Acute Respiratory Infections Risk Factor Study

Title: ARI Risk Factor Study-Pune

Duration: 1 year

Collaborators: London School of Hygiene and Tropical Medicine, UK
    Vadu Rural Health Program, KEM Hospital Research Centre Pune, India

Sponsor: USAID and WHO

Investigator:

Rationale:
The global estimates of leading causes of deaths by WHO for the year 2002 indicates that lower respiratory infections is one of the leading causes. Lower respiratory infections bear the major burden with 3.9 million deaths, followed by HIV/AIDS and diarrhoea. In case of under five children the Lancet child survival series estimates around 20% deaths which are attributable to lower respiratory infections especially pneumonia.

Aims and objectives:
1. To reliably measure handwash compliance
2. To measure the relative importance of handwashing to other risk factors for acute respiratory infection (ARI).
3. To measure the association of indoor air pollution and ARIs in children

Methodology:
This is a longitudinal prospective study in which a cohort of 700 households was randomly sampled from the Vadu HDSS area. These households with children aged 0-18 months were recruited and followed for 6 months. In this duration the incidence of ARI and diarrhoea were recorded and exposure to risk factors were assessed which include handwashing, indoor air pollution and other risk factors such as breast feeding, malnutrition, overcrowding, smoking etc.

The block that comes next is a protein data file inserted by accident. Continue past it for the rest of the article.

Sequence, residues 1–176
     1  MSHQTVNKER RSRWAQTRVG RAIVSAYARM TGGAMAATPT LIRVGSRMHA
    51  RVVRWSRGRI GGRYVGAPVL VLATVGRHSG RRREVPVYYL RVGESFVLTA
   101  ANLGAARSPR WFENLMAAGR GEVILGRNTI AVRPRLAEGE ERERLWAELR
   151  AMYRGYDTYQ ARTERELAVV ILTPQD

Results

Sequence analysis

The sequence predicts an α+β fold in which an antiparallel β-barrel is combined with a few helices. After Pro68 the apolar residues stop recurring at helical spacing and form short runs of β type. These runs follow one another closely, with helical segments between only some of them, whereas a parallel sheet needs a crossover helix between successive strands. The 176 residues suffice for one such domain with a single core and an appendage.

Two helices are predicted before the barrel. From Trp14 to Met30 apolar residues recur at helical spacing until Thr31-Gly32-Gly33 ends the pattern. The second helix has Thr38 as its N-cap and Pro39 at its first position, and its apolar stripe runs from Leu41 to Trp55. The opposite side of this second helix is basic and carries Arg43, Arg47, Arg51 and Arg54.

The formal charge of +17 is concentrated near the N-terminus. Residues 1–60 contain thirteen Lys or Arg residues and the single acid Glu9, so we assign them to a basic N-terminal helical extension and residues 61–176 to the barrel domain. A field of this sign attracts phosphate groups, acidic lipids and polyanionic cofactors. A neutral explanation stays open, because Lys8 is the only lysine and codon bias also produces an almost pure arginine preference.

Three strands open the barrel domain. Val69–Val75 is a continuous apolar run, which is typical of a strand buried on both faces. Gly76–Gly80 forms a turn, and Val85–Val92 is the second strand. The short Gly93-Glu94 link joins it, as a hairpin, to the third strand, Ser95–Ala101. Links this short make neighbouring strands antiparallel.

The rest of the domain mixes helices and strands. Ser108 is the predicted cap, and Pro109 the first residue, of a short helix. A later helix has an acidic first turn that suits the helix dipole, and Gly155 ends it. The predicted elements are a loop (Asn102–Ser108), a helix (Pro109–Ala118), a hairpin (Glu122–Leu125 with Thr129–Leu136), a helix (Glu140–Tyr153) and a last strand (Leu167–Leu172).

Study population / sample size: 700 households with children age 0-18 months.

Outcome: The ARI outcome was ascertained along with diarrhoea as the secondary outcome along with maternal outcome as well as assessed the two primary exposures i.e. handwashing and indoor air pollution. A comparison of the proxy indicators of domestic handwashing practices obtained from direct structured observation of handwashing was published and can be accessed as:  Comparing the performance of indicators of Hand-Washing practices in rural Indian households. Biran A, Rabie T, Schmidt W, Juvekar S, Hirve S, and Curtis V. Trop Med Int Hlth. 13 (2):278-285 2008, http://www.ncbi.nlm.nih.gov/pubmed/18304276


 

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